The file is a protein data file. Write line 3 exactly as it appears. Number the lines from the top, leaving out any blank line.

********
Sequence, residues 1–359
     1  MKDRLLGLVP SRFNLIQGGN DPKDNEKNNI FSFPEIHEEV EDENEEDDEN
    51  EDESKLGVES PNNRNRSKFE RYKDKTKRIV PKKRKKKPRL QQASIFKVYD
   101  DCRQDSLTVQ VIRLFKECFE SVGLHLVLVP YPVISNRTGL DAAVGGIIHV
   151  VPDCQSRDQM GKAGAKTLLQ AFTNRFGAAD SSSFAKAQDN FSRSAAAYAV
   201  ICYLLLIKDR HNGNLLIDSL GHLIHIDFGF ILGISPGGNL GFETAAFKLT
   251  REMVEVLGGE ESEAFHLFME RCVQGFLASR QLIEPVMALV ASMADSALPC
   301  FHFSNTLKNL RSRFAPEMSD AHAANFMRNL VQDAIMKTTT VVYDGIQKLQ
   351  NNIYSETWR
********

    51  EDESKLGVES PNNRNRSKFE RYKDKTKRIV PKKRKKKPRL QQASIFKVYD